Rice plays an essential role in agricultural production as the most significant food crop [1]. With the rapid increase in the population, the country’s demand for food is also growing. We have problems with declining soil quality and eutrophication [2]. Since rice plays a key role in food security, it is necessary to study the growth status of rice. Industrialization reduces the arable land area, so it is required to increase the yield of rice in order to increase the total yield of rice. Therefore, rice growth and cultivation of high-yield varieties has become a major research issue in agricultural research institutions [3]. The study of rice growth is very critical to political, economic and social stability.

Due to the development of computer information technology, image-processing technology is becoming more and more advanced. In order to detect and extract data from the overall growth state of rice, phenotypic feature data extraction from rice image has been widely used. Compared with artificial experiments, this method can reduce subjective errors and improve the accuracy of data. The main content of image processing is to cut the areas in the original image that need to be studied, and then extract the features of specific areas according to color components and texture features [4].

Fractal geometry has a self-similar character. When the geometries with fractal characteristics are magnified at different multiples, the observed properties are similar and have a fractal dimension in space [5,6]. The concept of fractals was first put forward by B. B. Madelbrot in 1973. He defined a fractal as a set, which expresses the symmetry or self-similarity of the whole and the part in a certain sense. There are many fractal phenomena in nature, such as coastlines, lightning, human lungs, material surfaces, etc., which can be approximately regarded as fractal sets [7].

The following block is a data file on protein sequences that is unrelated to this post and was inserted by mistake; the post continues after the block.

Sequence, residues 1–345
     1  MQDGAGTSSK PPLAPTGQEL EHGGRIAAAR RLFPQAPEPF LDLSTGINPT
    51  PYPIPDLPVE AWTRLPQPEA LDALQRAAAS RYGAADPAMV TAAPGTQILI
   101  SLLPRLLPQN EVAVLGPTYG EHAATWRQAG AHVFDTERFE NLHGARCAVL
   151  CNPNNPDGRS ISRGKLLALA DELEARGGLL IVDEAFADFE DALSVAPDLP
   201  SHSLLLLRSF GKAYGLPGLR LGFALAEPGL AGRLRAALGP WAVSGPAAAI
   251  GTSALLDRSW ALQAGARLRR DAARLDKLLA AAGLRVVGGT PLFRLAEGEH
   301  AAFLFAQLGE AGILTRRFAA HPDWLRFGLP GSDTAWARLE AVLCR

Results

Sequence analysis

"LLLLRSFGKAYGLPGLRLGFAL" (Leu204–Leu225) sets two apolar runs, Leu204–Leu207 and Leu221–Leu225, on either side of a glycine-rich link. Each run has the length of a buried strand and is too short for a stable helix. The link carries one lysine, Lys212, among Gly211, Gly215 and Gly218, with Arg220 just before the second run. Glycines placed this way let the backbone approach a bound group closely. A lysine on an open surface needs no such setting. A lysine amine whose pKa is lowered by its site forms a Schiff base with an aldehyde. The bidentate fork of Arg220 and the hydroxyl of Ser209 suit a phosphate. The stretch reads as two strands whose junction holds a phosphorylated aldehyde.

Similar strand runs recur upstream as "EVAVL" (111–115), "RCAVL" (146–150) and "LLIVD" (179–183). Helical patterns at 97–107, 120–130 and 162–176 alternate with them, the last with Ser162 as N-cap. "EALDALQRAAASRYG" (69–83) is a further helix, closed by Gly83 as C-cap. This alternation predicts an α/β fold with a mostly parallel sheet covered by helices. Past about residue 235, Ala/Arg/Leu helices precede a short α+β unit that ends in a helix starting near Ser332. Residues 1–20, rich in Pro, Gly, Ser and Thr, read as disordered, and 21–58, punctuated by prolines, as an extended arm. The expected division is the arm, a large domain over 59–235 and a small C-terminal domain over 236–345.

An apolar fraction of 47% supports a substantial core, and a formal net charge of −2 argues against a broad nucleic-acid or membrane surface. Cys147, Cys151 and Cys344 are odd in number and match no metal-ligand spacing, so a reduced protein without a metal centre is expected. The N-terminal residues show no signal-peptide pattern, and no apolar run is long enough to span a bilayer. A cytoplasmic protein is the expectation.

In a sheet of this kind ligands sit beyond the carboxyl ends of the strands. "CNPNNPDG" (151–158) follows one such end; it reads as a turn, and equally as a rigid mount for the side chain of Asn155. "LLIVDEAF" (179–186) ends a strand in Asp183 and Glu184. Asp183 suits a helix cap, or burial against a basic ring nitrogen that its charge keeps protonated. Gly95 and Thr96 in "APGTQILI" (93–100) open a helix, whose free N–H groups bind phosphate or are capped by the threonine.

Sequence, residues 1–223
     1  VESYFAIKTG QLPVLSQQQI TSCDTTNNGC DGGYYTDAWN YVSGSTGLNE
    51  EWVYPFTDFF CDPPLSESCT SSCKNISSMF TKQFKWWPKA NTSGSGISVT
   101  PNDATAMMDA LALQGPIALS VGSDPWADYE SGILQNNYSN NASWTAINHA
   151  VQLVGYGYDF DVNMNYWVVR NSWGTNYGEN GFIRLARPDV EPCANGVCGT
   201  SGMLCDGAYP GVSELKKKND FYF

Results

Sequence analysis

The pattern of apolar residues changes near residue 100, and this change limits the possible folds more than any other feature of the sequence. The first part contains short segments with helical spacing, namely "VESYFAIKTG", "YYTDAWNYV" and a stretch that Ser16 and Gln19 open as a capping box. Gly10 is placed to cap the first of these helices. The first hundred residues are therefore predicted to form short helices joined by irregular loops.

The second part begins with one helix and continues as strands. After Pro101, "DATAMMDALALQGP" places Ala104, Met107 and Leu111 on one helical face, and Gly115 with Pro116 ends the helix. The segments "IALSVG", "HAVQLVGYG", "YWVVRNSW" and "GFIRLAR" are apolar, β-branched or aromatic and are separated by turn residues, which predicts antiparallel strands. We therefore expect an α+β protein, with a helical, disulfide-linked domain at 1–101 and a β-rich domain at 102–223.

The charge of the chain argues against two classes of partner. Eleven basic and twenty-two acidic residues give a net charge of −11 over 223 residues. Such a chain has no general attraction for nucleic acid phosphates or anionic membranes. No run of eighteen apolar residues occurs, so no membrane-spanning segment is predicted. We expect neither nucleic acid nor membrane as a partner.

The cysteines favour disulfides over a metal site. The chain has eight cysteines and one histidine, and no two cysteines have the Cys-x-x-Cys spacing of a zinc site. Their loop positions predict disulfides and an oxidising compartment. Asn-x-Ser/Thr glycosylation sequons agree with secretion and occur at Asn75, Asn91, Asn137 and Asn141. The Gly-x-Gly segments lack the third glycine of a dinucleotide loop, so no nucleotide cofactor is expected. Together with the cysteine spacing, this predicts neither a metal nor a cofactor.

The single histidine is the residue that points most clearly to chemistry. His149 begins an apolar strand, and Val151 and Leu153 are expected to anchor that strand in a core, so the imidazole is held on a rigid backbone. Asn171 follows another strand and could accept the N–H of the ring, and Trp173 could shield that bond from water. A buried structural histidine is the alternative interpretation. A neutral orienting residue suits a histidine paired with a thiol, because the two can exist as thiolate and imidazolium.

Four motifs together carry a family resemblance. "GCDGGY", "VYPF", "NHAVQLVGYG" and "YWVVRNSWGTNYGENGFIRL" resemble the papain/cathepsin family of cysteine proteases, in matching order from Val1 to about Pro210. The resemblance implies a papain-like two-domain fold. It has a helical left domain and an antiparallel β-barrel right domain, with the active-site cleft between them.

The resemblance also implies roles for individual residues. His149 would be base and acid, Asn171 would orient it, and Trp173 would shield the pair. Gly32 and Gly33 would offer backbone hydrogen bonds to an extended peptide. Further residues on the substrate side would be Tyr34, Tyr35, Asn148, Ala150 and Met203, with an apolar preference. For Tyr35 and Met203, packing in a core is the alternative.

However, the typical fractal sets are specially constructed by mathematicians, so they have a standard and strict self-similarity. However, in nature, most of the objects we study do not have strict self-similarity characteristics, but only meet statistical self-similarity. Therefore, in research, we mainly carry out approximate processing on the objects to explore the quasi-self-similarity [8].

The dimension of fractal geometry is usually not an integer dimension, so the integer dimension used in the traditional Euclidean space cannot describe the fractal shape. Mandelbrot proposed the concept of a non-integer dimension or fractal dimension [9]. The fractal dimension describes a complex ratio that reflects how the details of the pattern change with the scale of the measurement [10]. It is used in all areas of science because it provides a measure of the complexity and irregularity of a given object [11]. Complexity is a change in detail and scale. As the fractal dimension increases, the complexity of the object also increases.